Consistent adherence to the five most recent mammography screenings prior to a breast cancer diagnosis reduced breast cancer death risk by 72 percent in comparison to women who did not have the mammography screening, according to new research findings presented at the annual Radiological Society of North America (RSNA) conference.
In a new review of more than 36,000 breast cancer cases over a 24-year period, researchers reaffirmed that regular mammography screening significantly reduces the risk of breast cancer death.
For the study, presented at the annual Radiological Society of North America (RSNA) conference in Chicago, researchers examined mammography screening participation among 36,079 women in Sweden who were diagnosed with breast cancer between 1992 and 2016. The study authors noted that 4,564 of the women studied died from breast cancer.
The researchers found that breast cancer survival rates ranged between 82.7 to 86.9 percent for women who participated in the five most recent mammography screenings prior to breast cancer diagnosis. In contrast, women who did not have any of those screenings prior to diagnosis had a survival rate between 59.1 and 77.6 percent, according to the study authors.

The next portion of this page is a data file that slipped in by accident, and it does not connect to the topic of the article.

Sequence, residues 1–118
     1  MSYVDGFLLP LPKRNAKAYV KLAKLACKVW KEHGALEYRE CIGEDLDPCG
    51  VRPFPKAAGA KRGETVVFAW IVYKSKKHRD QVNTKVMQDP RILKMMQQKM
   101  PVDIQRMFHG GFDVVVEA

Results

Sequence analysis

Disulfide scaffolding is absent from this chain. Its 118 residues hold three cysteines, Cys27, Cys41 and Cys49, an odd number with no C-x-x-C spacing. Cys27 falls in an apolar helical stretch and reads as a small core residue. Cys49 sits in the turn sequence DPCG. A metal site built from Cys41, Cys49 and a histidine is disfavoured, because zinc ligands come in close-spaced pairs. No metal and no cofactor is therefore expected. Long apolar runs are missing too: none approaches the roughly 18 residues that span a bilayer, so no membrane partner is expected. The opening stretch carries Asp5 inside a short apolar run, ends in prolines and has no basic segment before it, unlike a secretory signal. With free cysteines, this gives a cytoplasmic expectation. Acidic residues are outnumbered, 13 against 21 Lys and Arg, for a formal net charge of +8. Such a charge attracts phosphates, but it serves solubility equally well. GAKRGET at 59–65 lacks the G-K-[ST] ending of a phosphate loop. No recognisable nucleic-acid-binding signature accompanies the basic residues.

In comparison to women with no mammography screening, the researchers emphasized that adherence to the five mammography screenings prior to diagnosis reduced the risk of breast cancer mortality by 72 percent.
“Women who attended all five previous mammography examinations prior to a diagnosis of breast cancer were nearly three times less likely to die from breast cancer compared with women who had not attended any examinations, and each additional examination attended among the five previous examinations conferred an additive protective effect against dying from breast cancer,” said study co-author Robert A. Smith, Ph.D., a senior vice-president and director of the American Cancer Society for Cancer Screening in Atlanta.
While 73 to 96 percent of those studied had at least one of the five scheduled mammography exams prior to diagnosis, the researchers pointed out the common nature of irregular mammography screening. Only 58 to 73 percent of women in the study participated in five scheduled mammography exams prior to diagnosis, according to Smith and colleagues.
“If a woman unknowingly has breast cancer and misses or postpones her mammogram during this time when she has no symptoms, but her breast cancer is growing and perhaps spreading, then the window for early detection will be lost,” maintained Dr. Smith.
(Editor’s note: For more coverage of the annual RSNA 2023 conference, click here.)